Previous Post: Day 1 – Arrival in Kiangan, Ifugao
Day 2 – Kiangan, Lagawe and Banaue Cultural Tour
It was still dark when we left Ibulao-Ibulao Bed and Breakfast. From there, me and my travel buddies all gathered at Kiangan Viewpoint Hostel for our tour to Kiangan War Memorial Shrine and Ifugao Museum.
Ifugao Museum in Kiangan
It was my second time to visit the culture-rich town of Kiangan, but I had to admit that my visit during this tour was more exciting. Kiangan is the oldest town in Ifugao, and in turn also holds a great historical significance. Aside from being the seat of the military and political authorities during the Spanish and American colonial periods in the country, Kiangan also served as the center of the civil government of Ifugao during the Commonwealth Era from 1935 to 1946, and the early post-Liberation era until the year 1949.
War Memorial Shrine in Kiangan
With that said, it was therefore not surprising to know that Kiangan houses the War Memorial Shrine, a museum erected in 1974 at Linda, Kiangan to commemorate the end of World War II in the Philippines. The museum was unfortunately closed when we arrived, but we were told that the museum houses artifacts the traditional life and ways of the locals.
Nagacadan Rice Terraces
After visiting the Memorial Shrine, we headed to Sitio Bilong, our group’s assigned take-off point to Nagacadan Rice Terraces and the Open Air Museum—the next places in our itinerary.
Inside Life Cycle Rituals Museum
This time around, however, instead of using the same route to the take-off point, we used a different one. The latter was a bit tiring—it was a three kilometer trek to the town center—but the hike we had from Bilong to Amba-bag showed us the unique landscape of the World Heritage Site Nagacadan. The trek down from Bilong to reach the Museum of Ifugao Life Cycle Rituals in Nagacadan was challenging, but the rest of the hike was just a walk in the park.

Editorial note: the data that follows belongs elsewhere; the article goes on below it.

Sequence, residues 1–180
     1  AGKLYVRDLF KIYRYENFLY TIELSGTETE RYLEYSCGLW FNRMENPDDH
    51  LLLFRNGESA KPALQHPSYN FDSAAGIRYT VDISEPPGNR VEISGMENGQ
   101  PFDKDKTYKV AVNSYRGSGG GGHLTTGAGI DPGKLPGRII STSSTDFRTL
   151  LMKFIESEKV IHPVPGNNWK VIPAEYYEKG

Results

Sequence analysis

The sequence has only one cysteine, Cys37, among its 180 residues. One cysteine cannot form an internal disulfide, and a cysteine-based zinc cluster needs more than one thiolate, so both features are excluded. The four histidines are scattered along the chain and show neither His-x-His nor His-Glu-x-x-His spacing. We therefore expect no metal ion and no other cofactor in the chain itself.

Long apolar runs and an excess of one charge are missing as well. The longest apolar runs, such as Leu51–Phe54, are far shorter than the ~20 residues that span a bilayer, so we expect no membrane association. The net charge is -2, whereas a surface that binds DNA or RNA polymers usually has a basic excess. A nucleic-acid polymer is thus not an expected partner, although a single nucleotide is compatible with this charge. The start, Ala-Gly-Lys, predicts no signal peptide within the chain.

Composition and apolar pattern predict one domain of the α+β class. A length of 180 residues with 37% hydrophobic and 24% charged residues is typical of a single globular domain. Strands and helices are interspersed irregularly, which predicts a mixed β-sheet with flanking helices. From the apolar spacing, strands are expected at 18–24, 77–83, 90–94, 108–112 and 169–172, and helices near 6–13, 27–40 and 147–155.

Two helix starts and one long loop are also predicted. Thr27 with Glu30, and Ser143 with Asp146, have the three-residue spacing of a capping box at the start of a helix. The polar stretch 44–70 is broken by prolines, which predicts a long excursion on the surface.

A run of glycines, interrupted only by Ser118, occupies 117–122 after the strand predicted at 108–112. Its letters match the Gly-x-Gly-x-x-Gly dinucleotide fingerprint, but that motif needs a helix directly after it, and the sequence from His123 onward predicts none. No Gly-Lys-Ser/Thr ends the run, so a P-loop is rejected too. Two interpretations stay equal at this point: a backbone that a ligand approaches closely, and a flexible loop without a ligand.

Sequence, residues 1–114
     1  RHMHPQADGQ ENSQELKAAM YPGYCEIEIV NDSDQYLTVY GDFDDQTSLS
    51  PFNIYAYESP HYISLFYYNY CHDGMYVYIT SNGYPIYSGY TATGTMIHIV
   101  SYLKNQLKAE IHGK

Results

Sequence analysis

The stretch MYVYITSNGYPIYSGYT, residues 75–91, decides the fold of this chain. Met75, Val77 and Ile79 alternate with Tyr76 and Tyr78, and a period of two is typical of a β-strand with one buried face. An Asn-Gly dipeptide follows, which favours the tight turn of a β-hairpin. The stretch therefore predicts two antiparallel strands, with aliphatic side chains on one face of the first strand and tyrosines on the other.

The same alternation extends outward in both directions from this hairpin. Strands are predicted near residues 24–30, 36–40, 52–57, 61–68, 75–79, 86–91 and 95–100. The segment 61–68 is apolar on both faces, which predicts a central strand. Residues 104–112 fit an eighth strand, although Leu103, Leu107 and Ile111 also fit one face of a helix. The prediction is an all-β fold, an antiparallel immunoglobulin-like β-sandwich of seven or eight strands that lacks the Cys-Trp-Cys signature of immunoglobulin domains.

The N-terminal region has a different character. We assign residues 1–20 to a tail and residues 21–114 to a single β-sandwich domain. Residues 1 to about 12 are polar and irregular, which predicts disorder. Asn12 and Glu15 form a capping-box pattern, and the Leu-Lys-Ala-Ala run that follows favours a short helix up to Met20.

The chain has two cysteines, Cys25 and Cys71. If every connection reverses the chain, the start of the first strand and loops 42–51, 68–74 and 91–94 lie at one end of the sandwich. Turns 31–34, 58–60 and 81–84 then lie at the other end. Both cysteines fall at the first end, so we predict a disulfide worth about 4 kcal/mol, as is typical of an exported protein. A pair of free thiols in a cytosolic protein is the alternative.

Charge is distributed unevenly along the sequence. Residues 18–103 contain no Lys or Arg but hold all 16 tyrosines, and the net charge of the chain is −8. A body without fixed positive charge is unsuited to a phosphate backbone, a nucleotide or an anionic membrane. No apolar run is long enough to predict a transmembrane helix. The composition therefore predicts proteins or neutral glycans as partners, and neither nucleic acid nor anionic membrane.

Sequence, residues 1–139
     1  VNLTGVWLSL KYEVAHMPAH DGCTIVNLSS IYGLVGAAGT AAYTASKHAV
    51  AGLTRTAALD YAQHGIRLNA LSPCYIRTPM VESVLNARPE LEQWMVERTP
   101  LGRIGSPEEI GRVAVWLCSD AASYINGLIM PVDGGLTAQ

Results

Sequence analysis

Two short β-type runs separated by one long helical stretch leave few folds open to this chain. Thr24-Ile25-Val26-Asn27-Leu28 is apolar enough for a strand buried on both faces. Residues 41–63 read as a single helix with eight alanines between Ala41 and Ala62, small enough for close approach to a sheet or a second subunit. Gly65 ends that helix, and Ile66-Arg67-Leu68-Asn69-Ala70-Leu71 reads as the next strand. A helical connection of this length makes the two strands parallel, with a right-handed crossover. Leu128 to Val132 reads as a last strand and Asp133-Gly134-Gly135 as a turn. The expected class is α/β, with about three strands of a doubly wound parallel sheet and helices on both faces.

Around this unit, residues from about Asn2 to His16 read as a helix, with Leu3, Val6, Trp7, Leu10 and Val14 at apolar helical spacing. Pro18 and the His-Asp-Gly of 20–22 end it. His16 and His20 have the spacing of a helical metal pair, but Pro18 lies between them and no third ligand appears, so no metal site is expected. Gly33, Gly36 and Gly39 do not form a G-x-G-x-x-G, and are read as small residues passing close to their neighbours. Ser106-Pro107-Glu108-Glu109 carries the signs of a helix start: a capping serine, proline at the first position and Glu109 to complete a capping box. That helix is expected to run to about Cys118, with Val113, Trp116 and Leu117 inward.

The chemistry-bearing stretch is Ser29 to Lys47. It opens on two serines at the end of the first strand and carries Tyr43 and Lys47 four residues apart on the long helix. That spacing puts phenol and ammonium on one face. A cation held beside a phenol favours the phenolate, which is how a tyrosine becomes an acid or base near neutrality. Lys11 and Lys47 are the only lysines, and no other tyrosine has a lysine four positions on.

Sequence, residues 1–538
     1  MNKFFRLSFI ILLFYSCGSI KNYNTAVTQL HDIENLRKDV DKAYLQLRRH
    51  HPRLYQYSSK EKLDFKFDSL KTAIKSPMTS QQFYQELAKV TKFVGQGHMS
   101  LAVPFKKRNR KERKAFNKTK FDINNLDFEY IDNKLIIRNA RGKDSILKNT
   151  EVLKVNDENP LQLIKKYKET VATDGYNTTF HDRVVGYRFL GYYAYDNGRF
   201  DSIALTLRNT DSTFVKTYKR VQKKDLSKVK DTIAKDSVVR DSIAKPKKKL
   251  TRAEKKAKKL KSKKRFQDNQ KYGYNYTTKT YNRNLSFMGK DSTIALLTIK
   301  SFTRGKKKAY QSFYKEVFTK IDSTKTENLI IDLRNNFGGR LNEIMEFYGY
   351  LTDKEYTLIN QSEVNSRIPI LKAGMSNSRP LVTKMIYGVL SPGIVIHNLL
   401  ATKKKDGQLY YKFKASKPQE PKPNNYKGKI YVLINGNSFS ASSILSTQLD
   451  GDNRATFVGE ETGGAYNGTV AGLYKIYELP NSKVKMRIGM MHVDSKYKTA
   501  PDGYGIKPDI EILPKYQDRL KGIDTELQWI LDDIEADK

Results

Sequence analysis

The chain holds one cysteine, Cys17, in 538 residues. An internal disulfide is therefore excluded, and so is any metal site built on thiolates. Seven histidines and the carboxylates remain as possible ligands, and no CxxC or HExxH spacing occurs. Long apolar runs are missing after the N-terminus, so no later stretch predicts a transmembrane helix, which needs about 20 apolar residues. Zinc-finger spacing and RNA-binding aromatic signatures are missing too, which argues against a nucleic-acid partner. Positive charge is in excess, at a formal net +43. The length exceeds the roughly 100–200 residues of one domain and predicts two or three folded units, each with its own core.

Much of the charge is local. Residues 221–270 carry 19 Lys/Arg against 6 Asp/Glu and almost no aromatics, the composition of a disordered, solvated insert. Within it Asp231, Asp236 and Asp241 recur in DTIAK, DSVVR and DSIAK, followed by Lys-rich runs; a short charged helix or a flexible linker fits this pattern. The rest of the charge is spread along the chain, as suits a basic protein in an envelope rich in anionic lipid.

Group Selfie at Ifugao Life Cycle Rituals Museum in Kiangan
Here we also visited the Open Air Museum—an eco-cultural destination that embodies its values as a living cultural landscape. Along the way, we learned a lot about the Ifugao way of life, Ifugao customs, and Ifugao festivals. Some of the traditional houses we saw on the way were also turned into museums in which some of the Ifugao arts and crafts were marvelously displayed.
Mother and Child in Kiangan
The entire tour involved a long walk which lasted for about two hours, but it was fun and definitely easier compared to our previous trek in Batad.
Ifugao Dancers in Lagawe
The next place we went to, and our 4th passport stamping for the day, was at Lagawe in Ifugao. Lagawe is a fourth class municipality and it is where the provincial capitol of Ifugao is located.
During our short stop, the locals hospitably and warmly welcomed us with a cultural presentation in front of the local provincial capitol. Our passport was stamped by no other than the honorable Mayor of Banaue, Mayor Geery Dalipog. We proceeded to Banaue Hotel and checked in our respective rooms. Afterwards, we proceeded to the lobby for a short program, which included the Mayor’s welcoming remarks. We ate our snacks hosted by the provincial capitol as we watched the short program.
Ifugao Ethnic Games at Banaue Ethnic Village and Pine Forest Resort